Vera experienced her first “miracle” at the Gates of Death. Though she had told Mengele she was pregnant hoping he might be compassionate—which would normally have meant being sent immediately to the left to be murdered in the gas chamber—she was sent to the right because she was healthy and strong enough for hard labour. She was then shaved and tattooed—the “symbols of dehumanization” that identified Jews as less than human, their existence reduced to a number. She was sent to Camp A to sort through clothing for possessions of value until, at five months pregnant, she was sent to work outside the camp doing heavy physical labour. Later, she had kitchen duty, and here she was able to eat potato peels, which she said saved her life. She was then sent to Barrack C and here, at seven months pregnant, Vera “became a human guinea pig” in sterilization experiments performed by Mengele’s team of “doctors”—the occasion for another miracle, for she survived the toxic chemicals injected into her uterus and was then somehow forgotten about by the “doctors.”


Because she was so tiny, her pregnancy went miraculously unnoticed. When Vera was eight months pregnant, a sympathetic Hungarian female doctor under Mengele offered to perform an abortion, but Vera refused having had a dream in which her mother begged her to trust in God and not to have one. When Vera went into labour, she climbed to a top bunk in the barracks and with the help of a bunk mate, she gave birth to Angie, who weighed one kilo and was so weak she was unable to cry—another “miracle” that helped save their lives. Three hours later, Vera had to stand in the freezing cold for roll call, terrified the whole time for her baby, whom she had to leave alone in the top bunk where rats were a constant threat.


Five weeks later, on the day of the liberation of Auschwitz, another child was born, Gyorgi Faludi. As his mother had no milk, Vera nursed him as well as her own daughter. And here was yet another miracle: starving on a 300–400 calorie-a-day diet, Vera was able to nurse both babies. After months in a DP camp, Vera returned to Hungary to live with her mother. At one year, Angie weighed only three kilos and was a very sick baby; she “hardly looked human.” Vera’s mother told her to let Angie die, but Vera was convinced she would live. The same optimism and persistence that carried her through Auschwitz made her determined to save her daughter. She finally enlisted the help of a doctor who with a blood transfusion from mother to daughter put Angie on the path to recovery.  Though she would suffer ill health throughout her childhood and grow to be only five feet tall, Angie is clearly a small but energetic and happy force to be reckoned with, all due, as she said, to her mother’s love, perseverance, and optimism.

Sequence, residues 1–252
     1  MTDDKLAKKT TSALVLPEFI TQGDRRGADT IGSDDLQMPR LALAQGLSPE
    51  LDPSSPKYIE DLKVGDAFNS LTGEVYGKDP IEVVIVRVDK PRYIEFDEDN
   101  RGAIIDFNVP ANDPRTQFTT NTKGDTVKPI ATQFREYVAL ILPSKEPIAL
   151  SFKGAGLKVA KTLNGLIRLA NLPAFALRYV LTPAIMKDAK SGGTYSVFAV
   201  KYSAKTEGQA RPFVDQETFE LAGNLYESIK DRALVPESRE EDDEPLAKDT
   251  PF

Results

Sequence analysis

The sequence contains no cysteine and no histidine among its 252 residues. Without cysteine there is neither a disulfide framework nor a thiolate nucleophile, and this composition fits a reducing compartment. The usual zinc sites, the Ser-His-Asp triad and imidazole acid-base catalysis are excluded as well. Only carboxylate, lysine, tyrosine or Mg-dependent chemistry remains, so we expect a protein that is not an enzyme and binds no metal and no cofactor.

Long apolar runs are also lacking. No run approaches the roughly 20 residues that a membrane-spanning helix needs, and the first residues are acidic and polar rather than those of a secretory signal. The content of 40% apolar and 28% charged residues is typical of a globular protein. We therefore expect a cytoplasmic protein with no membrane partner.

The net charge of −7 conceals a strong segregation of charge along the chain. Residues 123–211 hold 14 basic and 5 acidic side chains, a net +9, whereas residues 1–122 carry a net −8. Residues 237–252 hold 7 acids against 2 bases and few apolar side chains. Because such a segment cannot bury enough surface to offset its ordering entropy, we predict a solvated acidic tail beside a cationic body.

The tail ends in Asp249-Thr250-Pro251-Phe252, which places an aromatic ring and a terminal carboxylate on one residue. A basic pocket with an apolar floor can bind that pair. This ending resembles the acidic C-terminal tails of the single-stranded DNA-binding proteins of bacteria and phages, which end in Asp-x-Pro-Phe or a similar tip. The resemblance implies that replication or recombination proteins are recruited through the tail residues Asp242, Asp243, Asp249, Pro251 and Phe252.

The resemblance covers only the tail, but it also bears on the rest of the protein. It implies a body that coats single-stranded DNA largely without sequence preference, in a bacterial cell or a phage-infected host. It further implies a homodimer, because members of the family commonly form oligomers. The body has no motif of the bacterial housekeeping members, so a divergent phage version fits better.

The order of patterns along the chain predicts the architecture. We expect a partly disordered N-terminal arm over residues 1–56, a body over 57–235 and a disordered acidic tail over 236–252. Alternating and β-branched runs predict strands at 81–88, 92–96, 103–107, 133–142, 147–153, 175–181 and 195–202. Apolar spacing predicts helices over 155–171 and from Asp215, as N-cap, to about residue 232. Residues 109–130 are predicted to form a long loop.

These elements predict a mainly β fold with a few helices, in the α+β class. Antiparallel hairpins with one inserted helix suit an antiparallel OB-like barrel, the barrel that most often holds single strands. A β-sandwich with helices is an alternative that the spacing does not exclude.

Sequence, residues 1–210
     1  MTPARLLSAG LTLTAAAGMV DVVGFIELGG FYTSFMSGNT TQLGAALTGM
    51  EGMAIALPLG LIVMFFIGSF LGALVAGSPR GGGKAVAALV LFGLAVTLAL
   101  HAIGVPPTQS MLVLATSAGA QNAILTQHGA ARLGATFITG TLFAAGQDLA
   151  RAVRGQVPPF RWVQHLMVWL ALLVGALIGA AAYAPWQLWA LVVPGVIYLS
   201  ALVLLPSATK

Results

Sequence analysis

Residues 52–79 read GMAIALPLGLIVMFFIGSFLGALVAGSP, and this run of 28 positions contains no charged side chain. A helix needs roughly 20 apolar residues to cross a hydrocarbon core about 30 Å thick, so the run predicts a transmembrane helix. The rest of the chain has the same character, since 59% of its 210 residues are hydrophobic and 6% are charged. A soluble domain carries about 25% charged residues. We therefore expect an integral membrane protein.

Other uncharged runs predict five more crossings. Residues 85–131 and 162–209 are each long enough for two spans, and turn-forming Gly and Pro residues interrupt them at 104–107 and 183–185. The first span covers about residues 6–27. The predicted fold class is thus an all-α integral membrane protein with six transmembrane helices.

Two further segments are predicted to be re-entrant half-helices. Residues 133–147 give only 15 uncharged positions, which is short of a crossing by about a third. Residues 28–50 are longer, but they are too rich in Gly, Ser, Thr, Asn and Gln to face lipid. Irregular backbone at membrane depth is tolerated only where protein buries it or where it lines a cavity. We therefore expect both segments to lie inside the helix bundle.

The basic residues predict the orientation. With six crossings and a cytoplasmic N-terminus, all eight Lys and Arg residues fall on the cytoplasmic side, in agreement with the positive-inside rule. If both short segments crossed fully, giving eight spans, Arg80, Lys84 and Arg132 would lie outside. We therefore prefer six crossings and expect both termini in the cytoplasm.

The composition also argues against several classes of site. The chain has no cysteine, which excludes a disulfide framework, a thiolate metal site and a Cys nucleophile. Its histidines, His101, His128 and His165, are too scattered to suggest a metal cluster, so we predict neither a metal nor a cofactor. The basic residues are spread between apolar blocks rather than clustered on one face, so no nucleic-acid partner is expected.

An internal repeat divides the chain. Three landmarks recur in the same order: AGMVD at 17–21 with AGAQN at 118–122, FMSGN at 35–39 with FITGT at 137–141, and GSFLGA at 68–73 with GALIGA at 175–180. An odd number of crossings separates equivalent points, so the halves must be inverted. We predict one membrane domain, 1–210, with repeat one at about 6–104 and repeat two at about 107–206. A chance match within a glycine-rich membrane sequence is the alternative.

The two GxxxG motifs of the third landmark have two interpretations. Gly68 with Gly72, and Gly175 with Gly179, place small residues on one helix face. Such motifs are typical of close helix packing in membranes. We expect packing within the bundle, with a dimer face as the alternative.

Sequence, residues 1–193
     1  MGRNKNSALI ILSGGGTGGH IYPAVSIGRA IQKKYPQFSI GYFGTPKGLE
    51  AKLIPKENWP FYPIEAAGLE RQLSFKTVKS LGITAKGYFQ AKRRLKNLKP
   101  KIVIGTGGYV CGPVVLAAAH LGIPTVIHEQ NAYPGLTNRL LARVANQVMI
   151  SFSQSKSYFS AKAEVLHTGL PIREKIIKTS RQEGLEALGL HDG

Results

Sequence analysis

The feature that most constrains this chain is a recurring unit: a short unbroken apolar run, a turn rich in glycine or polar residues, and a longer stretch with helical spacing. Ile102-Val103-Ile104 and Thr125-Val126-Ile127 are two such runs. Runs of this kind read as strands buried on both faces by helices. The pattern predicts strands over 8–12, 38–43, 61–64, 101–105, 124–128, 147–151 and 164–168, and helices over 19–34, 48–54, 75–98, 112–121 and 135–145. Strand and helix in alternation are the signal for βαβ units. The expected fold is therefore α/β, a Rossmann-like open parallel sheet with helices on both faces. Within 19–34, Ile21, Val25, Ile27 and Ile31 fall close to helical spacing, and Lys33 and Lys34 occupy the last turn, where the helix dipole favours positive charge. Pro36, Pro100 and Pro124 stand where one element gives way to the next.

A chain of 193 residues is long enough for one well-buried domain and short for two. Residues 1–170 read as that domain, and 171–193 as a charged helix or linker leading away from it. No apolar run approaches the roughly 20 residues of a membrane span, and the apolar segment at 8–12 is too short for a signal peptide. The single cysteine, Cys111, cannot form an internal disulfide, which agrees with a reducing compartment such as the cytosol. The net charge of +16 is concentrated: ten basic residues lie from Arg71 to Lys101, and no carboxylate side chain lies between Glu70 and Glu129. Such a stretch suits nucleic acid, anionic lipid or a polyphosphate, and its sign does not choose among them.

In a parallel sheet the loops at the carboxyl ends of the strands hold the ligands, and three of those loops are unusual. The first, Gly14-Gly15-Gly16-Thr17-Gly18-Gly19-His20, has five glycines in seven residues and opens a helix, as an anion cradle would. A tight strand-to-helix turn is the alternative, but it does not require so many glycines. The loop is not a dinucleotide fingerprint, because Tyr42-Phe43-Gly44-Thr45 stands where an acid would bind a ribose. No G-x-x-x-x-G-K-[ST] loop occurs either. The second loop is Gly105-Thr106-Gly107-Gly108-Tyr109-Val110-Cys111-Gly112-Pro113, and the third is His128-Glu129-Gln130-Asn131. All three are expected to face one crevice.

Vera eventually re-married and had “a beautiful marriage,” although she could not have any more children because of the injections she received in Auschwitz. Yet, however blessed her new life was (and she did feel blessed and instilled in Angie the gift of gratitude for life), Angie said, “A peaceful death was not possible for her.” “No amount of morphine could help her” escape the terror of her past in Auschwitz. Tragically, she died crying, “Mengele is taking me.” Angie admitted her mother “was always frightened the Holocaust could happen again; she was always in fear despite her positivity.”  And her fear is valid, for, as Primo Levi warned: “It happened, therefore it can happen again: this is the core of what we have to say. It can happen, and it can happen everywhere.” Therefore, Angie’s mission is to promote Holocaust education by telling her mother’s extraordinary story and thereby making witnesses of us all to ensure it never happens again.


Jessica Cogan, Israel and Overseas chair of the Jewish Federation thanked Angie at the end of her talk and announced that Winnipeg would be sending 24 students on the March of the Living this year.( Editor's note: Due to the continued global spread of the Coronavirus (COVID-19) and the associated directives issued by Israel’s Ministry of Health, the International March of the Living has made the decision to cancel the April 2020 March of the Living trip)

  1. Sofsky, Wolfgang. The Order of Terror: The Concentration Camp. Princeton, N. J.: Princeton University Press, 1999.
  2. Fackenheim, EmiL. To Mend the World: Foundations of Post-Holocaust Jewish Thought. Bloomington, IN: Indianna University Press, 1994.